The sports media world has been all aflutter today thanks to a doofy column from the Toronto Sun's Steve Simmons. The imbroglio in question is over a late night stroll through a casino by Raptors players DeMarre Carroll and Cory Joseph. The column is wrong in a bunch of ways: it attacks the players' reputations, but doesn't talk about their existing good rep; it ignores that NBA players are night owls who nap in the afternoons; it weakly implies that their poor play in Game 5 was a result of being up late, as if every other player in that game was tucked in before midnight. Then, finally, it settles on the "optics aren't good" as an argument. It is a Bad Take.
When someone says don't chase the night -- in this or any context, really -- they're advising you against looking for trouble, the implication being that nothing good could possibly be happening after 2 a.m. But who among us can resist that siren song of the night? Who has not been out late, checked the time, and convinced themselves they'd be fine the next morning? Who has not purchased drinks they don't need with money they maybe don't even have to keep the good times going? Who has not pursued something or someone in the face of all reasonable sense? Unless you yourself are a monk: I say this has been you at least once.
To bring this back to James Johnson and actual basketball (because what the hell, why not), I have to say he produces this feeling in an actual in-game context; especially as the Raptors find themselves chasing for and grasping at anything resembling consistency. Playing JJ now, so deep in these playoffs, is not without risk. When he checks in there's a kind of breathless minute-by-minute accounting that happens. Everyone starts calculating the odds of one good discrete Johnson decision leading to another, which will then develop into something special on the whole.
That's the hope, anyway. In practice, the outcome is usually unremarkable or vaguely disappointing, both team and player not really better or worse off for having tried. We all just wake up the next day.
Did James Johnson Play?
Johnson worked his way into all four of the Raptors' games this week, which is no small feat considering they were Games 2, 3, 4 and 5 of the Eastern Conference Finals. Unfortunately, the outcomes of all four of those games suggests a lack of necessity where Johnson is concerned. He played a total of just over 47 minutes -- so you win if you took the under -- but he also didn't have much of an impact. Oh sure, he had 11 points in a Game 2 blowout, hit a three in a Game 3 win and got a no-call jump ball with Matthew Dellavedova in a Game 4 win. But in Game 5, with the Raptors absolutely smashed from the first quarter on, Johnson only got 11 minutes. He also inspired some, uh, not nice tweets.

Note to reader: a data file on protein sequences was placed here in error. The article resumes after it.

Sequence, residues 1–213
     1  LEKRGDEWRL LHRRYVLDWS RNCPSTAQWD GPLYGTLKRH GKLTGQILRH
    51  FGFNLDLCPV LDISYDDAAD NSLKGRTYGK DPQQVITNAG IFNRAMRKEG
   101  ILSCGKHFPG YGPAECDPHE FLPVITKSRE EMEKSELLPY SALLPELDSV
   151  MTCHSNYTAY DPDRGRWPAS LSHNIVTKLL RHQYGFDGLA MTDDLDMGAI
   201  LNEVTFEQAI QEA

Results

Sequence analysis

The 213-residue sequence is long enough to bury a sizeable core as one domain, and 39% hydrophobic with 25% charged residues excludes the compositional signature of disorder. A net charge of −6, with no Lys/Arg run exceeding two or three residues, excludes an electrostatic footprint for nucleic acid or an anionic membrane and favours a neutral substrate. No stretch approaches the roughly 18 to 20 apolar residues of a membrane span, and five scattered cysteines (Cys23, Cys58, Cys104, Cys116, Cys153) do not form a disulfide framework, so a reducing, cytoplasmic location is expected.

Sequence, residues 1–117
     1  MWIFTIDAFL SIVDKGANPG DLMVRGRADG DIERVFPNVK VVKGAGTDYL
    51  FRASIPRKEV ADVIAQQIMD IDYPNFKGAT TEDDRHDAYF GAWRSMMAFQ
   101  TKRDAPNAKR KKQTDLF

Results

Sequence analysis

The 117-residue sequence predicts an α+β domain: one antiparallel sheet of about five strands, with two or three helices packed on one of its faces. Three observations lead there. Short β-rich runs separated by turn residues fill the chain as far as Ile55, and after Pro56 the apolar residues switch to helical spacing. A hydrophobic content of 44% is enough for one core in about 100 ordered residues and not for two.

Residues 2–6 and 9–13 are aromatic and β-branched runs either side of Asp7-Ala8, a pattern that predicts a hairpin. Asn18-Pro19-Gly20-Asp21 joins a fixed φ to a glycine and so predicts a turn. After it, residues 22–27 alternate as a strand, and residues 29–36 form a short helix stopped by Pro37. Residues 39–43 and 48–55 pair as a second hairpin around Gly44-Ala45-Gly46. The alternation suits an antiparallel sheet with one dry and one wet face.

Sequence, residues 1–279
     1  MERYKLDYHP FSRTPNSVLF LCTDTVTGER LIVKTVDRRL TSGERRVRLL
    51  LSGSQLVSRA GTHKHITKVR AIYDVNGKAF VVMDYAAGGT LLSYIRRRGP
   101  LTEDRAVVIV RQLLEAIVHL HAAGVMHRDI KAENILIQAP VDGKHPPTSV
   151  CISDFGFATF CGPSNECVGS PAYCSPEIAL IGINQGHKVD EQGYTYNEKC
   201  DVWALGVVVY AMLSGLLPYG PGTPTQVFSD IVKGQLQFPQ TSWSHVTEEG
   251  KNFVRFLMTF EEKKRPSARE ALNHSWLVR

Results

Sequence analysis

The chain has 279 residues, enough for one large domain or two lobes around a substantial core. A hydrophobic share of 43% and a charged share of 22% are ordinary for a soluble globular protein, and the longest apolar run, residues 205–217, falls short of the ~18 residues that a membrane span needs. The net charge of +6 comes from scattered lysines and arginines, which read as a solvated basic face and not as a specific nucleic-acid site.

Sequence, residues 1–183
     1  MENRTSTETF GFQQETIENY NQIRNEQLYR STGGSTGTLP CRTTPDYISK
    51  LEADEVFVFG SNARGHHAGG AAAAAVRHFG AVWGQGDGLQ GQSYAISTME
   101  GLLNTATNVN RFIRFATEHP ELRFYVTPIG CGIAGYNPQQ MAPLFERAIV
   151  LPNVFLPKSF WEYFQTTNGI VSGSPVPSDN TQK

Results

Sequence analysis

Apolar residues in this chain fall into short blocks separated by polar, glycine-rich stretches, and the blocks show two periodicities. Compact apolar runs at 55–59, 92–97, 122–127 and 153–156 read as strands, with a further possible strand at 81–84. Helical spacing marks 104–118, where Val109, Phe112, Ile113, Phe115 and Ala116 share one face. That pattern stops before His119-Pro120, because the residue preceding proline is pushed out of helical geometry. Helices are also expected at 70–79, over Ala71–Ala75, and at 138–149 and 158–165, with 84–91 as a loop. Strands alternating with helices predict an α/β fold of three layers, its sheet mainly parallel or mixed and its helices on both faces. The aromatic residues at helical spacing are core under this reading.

The Raps might have to play JV and Biz together just so they don't have to play James Johnson— Doug Smith: Raptors (@SmithRaps) May 26, 2016
Oh, no. James Johnson should not be guarding LeBron. That is bad.— Hardwood Paroxysm (@HPbasketball) May 26, 2016
Johnson finished the week with sixteen points, eight rebounds, four assists and a steal (and one dope-as-hell shades look). But gotdamn, when your performance in Game 5 of the ECF has people bringing up something that happened six years ago, it's not going well. Look away from the following clip if you want to preserve any good feelings you have left.
All that being said, look at my dude Zach Lowe mentioning Johnson in his latest column on the ongoing Cleveland vs. Toronto battle:
• James Johnson has come out from hibernation and made just enough positive plays to stay relevant -- and stabilize Toronto's rotation so that Casey doesn't have to overplay Scola.
He's 4-of-6 from deep in this series, and he hurt Frye off the dribble in Game 4. Cleveland is sticking its centers on Johnson, a non-shooter, so that its speedier power forwards can scamper along the perimeter with Patterson. That's smart; it's the same way the Cavs treated Atlanta Hawks forward Thabo Sefolosha in the second round. If Johnson can squeeze out a couple of productive drives against Cleveland's bigs, that's a nice little victory on the fringes for the Raptors.
I feel like a proud father. Or at least a proud little brother.
Prediction for the Week
The realities of the Raptors vs. LeBron and the Cavaliers are starting to catch up to this recent column resurgence. I didn't think we'd end up here at all -- with Johnson or the team -- but watching things soar to great heights and then fall apart hurts just the same. The Raptors have Game 6 on Friday, and if they bounce back from a historically bad Game 5, they'll force a Game 7 on Sunday. Something in the scores of all three games in Cleveland suggests that Toronto will not win that game.
Johnson's been hovering around six to 11 minutes in the past three games (despite that massive blowout in Game 5), so something tells me we'll see him a bit. The line will be set based on how confident I am in an eventual Game 7.
Over/Under Minutes: 13.5
It's been a hell of a run.